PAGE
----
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The values and expectations of those who most strongly influence strategy about the scope and posture of the organization.
Features of successful mission
- Ashridge College Model
- Purpose: Why does the organization exist? Who does it exist for?
- Strategy: The competitive position and distinctive competence of the organization
- Policies and standards of behavior: The policies and behavioral patterns underpinning its work
- Values: What the company believes in which is replicated in employees’ personal values
Role of mission in strategy
- Rational approach: Mission is the starting-point of strategy formulation. It is the basis for the setting of strategic objectives and any strategy developed must be shown to be consistent with the mission before it is adopted.
- Emergent approach: Mission is embedded in the culture of the organization and used to generate strategic initiatives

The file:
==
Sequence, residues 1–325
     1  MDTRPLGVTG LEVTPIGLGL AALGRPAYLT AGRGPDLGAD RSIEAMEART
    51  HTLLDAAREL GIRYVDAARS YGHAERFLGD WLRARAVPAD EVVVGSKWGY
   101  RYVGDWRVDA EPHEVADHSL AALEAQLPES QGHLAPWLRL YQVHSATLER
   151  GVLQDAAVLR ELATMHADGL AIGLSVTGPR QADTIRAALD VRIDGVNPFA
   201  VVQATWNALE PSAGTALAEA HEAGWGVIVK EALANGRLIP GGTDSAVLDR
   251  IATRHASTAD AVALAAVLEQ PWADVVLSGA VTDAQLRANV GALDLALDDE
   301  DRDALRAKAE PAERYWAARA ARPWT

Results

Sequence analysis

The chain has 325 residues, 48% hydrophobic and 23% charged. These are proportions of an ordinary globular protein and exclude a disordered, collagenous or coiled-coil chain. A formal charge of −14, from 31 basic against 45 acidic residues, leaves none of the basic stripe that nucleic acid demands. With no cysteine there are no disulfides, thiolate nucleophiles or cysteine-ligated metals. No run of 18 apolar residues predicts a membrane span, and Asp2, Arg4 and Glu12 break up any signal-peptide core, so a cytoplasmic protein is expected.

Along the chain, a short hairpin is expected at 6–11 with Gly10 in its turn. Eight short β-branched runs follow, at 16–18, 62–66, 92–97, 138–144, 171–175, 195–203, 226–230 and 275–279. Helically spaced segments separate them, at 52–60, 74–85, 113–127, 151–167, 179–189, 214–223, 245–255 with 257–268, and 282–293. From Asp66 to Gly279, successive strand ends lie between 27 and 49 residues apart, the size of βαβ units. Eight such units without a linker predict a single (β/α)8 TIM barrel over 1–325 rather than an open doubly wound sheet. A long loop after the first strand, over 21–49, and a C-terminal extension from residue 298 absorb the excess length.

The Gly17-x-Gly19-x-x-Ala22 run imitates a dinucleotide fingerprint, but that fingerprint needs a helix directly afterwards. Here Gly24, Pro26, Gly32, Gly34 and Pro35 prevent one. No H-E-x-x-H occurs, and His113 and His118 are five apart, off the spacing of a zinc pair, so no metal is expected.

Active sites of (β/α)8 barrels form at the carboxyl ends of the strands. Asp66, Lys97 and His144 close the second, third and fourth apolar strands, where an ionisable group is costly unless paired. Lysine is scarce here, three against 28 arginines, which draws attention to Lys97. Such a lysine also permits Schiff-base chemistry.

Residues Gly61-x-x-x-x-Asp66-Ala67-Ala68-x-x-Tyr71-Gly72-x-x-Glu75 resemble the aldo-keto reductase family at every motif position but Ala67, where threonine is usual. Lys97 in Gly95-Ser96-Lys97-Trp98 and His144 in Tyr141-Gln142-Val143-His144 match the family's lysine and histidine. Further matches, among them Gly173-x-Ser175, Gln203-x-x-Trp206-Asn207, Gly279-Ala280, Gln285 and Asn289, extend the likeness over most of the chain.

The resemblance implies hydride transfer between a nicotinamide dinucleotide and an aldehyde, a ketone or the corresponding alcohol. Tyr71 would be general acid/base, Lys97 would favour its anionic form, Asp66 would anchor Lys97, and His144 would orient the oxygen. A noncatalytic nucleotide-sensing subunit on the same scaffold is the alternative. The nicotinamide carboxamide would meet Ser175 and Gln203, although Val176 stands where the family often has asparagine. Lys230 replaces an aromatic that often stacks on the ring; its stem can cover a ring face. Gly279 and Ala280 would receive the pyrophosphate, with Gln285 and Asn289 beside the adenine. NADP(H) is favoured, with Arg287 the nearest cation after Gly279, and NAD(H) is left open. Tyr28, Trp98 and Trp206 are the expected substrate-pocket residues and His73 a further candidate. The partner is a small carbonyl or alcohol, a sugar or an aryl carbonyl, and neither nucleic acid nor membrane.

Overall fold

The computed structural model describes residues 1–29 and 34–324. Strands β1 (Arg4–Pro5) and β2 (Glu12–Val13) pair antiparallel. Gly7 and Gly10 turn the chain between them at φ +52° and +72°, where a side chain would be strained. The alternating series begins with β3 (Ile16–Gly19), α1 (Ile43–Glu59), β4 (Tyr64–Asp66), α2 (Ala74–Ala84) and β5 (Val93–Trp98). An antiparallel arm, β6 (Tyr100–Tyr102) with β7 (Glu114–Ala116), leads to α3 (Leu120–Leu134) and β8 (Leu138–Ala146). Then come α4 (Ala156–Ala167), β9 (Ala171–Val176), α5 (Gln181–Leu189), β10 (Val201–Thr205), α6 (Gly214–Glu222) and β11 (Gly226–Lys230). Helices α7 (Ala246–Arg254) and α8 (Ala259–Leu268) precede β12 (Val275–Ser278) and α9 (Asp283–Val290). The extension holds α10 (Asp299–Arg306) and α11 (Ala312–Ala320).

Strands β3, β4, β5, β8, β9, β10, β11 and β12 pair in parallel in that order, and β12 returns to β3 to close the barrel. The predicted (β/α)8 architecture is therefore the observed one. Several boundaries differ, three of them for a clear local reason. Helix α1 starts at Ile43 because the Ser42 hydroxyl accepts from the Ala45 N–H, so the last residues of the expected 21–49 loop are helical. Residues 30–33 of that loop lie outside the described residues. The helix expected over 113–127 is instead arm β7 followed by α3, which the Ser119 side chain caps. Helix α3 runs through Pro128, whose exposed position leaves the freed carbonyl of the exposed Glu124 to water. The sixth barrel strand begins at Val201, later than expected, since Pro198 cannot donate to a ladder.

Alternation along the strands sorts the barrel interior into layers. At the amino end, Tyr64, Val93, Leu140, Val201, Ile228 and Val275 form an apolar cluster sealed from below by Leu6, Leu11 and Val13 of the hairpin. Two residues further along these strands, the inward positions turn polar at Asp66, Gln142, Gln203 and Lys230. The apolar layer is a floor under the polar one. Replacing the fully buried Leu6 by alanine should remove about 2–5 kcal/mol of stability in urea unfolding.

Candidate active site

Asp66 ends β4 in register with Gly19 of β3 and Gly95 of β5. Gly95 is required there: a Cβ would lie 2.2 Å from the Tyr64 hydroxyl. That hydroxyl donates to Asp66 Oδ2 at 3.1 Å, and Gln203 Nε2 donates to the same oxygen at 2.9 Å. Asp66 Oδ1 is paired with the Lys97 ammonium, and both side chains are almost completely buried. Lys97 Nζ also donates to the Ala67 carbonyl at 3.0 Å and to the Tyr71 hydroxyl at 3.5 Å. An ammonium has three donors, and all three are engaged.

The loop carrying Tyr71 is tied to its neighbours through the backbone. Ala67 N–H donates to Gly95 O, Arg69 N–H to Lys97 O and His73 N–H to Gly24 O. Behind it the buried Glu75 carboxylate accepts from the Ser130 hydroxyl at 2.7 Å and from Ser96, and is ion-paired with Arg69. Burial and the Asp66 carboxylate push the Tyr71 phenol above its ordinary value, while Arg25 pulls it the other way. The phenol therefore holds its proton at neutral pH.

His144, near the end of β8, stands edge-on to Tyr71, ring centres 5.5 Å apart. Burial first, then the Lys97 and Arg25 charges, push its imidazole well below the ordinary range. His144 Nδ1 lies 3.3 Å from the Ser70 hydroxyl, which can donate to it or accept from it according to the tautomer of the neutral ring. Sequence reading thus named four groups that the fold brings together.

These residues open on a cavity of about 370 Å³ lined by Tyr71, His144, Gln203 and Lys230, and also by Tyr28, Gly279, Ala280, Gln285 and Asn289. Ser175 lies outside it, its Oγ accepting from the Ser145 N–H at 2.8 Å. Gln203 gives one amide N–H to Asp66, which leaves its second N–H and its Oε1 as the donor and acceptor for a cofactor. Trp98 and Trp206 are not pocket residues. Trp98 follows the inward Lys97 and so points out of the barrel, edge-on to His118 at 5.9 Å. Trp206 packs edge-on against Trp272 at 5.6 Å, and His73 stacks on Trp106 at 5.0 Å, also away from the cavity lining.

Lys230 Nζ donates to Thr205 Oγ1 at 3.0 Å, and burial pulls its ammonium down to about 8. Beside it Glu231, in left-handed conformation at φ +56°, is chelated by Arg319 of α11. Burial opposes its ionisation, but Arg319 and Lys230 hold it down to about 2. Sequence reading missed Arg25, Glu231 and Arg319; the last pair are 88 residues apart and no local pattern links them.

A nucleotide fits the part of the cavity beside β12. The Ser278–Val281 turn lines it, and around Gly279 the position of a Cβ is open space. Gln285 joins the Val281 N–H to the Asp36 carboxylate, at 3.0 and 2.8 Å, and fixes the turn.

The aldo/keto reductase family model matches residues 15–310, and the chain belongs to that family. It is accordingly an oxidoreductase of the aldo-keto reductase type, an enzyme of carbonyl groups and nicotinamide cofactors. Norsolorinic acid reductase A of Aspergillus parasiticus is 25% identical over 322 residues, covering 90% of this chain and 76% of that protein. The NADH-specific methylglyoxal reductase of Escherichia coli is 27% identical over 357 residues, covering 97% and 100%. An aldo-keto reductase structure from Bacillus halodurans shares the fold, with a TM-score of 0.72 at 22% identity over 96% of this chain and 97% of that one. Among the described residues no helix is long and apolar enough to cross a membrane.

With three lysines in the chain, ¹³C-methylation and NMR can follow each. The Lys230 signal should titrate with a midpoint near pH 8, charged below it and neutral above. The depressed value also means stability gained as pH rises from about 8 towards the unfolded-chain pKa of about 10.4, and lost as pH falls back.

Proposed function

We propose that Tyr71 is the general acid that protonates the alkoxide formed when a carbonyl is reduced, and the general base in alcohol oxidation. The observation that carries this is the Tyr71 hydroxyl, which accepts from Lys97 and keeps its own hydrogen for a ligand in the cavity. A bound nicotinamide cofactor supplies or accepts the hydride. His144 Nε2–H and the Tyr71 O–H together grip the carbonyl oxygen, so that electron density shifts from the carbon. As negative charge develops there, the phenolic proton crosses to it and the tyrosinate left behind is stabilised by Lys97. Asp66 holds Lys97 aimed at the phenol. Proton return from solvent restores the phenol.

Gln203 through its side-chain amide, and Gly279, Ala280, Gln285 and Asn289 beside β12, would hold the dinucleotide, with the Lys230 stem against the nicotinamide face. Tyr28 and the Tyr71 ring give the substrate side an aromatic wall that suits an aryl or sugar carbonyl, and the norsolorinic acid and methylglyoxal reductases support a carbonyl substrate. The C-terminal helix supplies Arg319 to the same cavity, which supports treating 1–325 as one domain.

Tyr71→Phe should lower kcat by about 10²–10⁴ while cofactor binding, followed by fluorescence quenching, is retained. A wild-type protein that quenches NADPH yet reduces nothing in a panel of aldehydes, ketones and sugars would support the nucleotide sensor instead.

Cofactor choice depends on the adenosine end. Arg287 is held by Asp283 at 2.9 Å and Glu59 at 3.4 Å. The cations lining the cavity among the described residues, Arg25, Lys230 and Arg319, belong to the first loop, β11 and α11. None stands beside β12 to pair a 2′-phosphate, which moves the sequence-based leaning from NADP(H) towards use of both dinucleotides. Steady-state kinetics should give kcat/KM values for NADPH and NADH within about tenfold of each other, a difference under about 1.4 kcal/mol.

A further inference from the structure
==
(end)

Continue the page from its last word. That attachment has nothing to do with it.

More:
- Must be quantified, otherwise progress towards them cannot be measured.
- For objectives to be use in practice, they must be SMART. Specific, Measureable, Achievable, Relevant and Timebound.
- Objectives specified this way are often referred to as “closed” objectives
- Groups or persons with an interest in what the organization does
- Internal stakeholders: Intimately connected with the company, their objectives are likely to have a strong influence on how it is run. Employees, management
- Connected stakeholders: Supply resources to the organization such as capital or sales revenue. Shareholders, customers, suppliers, financiers
- External stakeholders: Influence the context in which the organization operates. The community, government, pressure groups
Degree of Dependency
- Disruption: Can the stakeholder disrupt the organizations plans
- Replacement: Can the firm replace the relationship
- Uncertainty: Does the stakeholder cause uncertainty in the firm’s plans